The Soviet representatives at that time bought a lot of valuable and necessary aerodrome equipment, all-terrain vehicles, small-sized group cars, technical literature. Ivan Fyodorovichi recalled that they had acquired even the technical process of producing Kullman’s drawing boards. Only half a million marks were spent on everything.
And to Petrov himself, on the eve of his departure for Germany, Stalin gave a personal task. He asked to do as much as possible - to implement the consent of the German side to sell us aircraft and engines. When inspecting the aircraft, it was necessary to determine the German industrial potential. Stalin stressed that it is very important for us to find out how much Germans can produce combat vehicles per day, in wartime.
The already difficult task received by Petrov was complicated by the fact that none of the Soviet delegation was left alone for a minute. Constantly someone from the representatives of the German side accompanied, not giving the opportunity to exchange views or write something down. To I.F. Petrov was first escorted by the colonel of the Gestapo, and then the general was added. Ivan Fedorovich explained such attention to his person by the fact that in those days a decree was introduced in the Soviet press introducing the military rank of general in the Red Army. Among the first 16 people to whom this title was awarded was I.F. Petrov. Pravda placed portraits of sixteen. The Germans were silently silent about the assignment of lampas to an ordinary engineer of TsAGI, as Ivan Fedorovich presented in the delegation’s documents, but the Gestapo general was assigned to him nevertheless. Germans are pedantic people.
219 aviation points inspected the members of the delegation on that trip. More than 200 telegrams were transferred to the Kremlin. After visiting the main aviation enterprises of Germany, P.V. Dementiev, A.S. Yakovlev, N.N. Polikarpov and most of the other members of the aviation group returned to Moscow, and Alexander Sergeyevich entrusted all his care in purchasing and dispatching combat vehicles to his deputy. Petrov, test pilot S.N. Suprun, engineer of the USSR Trade Mission in Germany V.K. Mikhin and translator N.N. Perlova.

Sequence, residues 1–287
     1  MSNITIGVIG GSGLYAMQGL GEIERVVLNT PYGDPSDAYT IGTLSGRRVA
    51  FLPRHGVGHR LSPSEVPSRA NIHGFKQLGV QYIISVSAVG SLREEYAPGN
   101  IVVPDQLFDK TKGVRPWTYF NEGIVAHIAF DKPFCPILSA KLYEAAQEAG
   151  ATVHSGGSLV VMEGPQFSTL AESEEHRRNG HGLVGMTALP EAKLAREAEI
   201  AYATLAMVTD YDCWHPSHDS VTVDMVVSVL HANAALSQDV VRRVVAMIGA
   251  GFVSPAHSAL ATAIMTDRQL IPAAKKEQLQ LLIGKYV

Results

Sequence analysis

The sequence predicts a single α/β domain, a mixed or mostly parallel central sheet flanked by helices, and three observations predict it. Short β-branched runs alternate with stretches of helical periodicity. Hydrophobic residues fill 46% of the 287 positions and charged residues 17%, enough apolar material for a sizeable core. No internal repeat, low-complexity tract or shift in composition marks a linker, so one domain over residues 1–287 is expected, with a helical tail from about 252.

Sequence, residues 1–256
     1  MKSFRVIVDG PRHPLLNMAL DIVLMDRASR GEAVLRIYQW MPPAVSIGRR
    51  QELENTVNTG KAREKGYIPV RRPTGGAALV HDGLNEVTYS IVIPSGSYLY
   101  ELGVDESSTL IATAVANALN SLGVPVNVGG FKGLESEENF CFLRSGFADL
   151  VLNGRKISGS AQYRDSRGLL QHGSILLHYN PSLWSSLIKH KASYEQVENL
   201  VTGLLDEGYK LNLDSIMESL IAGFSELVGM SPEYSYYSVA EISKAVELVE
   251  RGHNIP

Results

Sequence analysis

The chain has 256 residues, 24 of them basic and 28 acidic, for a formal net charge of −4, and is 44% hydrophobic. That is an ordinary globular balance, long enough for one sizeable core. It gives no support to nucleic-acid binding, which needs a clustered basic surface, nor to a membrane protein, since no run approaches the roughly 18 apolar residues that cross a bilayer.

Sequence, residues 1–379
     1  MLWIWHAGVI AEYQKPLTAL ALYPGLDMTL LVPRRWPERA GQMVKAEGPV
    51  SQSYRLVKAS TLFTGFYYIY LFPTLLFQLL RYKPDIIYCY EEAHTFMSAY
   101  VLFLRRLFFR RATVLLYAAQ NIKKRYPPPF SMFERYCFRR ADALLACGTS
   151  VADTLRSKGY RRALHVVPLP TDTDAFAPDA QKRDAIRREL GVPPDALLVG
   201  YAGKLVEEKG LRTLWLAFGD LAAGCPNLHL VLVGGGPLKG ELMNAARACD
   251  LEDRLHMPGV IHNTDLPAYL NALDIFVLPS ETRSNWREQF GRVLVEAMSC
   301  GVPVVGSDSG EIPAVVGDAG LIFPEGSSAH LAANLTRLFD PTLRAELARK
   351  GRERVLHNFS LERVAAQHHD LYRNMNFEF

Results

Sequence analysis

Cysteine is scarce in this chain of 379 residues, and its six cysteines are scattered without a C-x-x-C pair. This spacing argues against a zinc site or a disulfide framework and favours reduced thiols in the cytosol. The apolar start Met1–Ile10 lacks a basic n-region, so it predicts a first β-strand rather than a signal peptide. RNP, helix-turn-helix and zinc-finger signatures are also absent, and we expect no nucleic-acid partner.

Ivan Fedorovich met Udet, Willy Messerschmitt and Heinkel again. Udet took an interest in the impression made by the German aircraft industry on the Soviet delegation. Petrov replied that the Germans had a powerful industry, at a modern high level, and, apparently, was capable of fulfilling any plans it had set. Udet pondered, then said: "But we have great difficulties with the plan ... The problem is the absence of metal." But the German leadership, according to Udet, confuses little because it expects a lightning war to last for no more than three months. Therefore, plans have been developed for the coming 2-2,5 of the month, and according to them, during the war period in Germany, 70-80 combat aircraft will be produced daily. And then everything will be determined by war and metal. As you can see, it was about increasing the production of aircraft to 70 — 80 copies per month (in the event of the beginning of the war with the USSR) and for a limited period of 2 — 2,5 months. That is, in fact, the German aircraft industry did not produce as many cars, and if it reached this level, it would be able to maintain it for a long time.
The next meeting was with Willy Messerschmitt, who was not too favored by the Russians. A member of the Nazi party, he did not build any special illusions about friendship with the Soviet Union and, when it came to his new plane, the Messerschmitt-209, did not immediately show this car. She has not been brought yet. Russian engineers expressed their opinion to the designer, and then Willy Messerschmitt, tall, thin, discharged a short queue: “I do not like it ?! But, in my opinion, the opinion is a great car! ”
The first plane Ivan Fedorovich Petrov decided to buy from Heinkel. "Non-100" was at that time the fastest fighter in the world. The Germans bargained with our delegation in the office of the chief designer, determined the price of the car and went to the airfield to touch the goods with their hands. Stepan Suprun sat in the cabin, professionally inspected the instruments, control of the aircraft and asked Petrov to check it. Ivan Fedorovich listened Supruna, I realized that the tester figured out in an unfamiliar machine. And both have already asked the Germans permission to start. At the airport they ran, began to fuss. Representatives of the company were not recommended to demonstrate this car in flight. Half an hour later, they approach and declare that there is a strict Goring instruction, according to which only those pilots who have undergone three-month training on this aircraft are allowed to fly on Non-100. The Russian delegation began to explain that Suprun was a test pilot, that he had no price, and what kind of training was there for such an air master ... Company representatives again began to fuss. Half an hour later, a new demand is announced that for the permission it is necessary to pay the full cost of the aircraft - should that ... Petrov signed the corresponding document.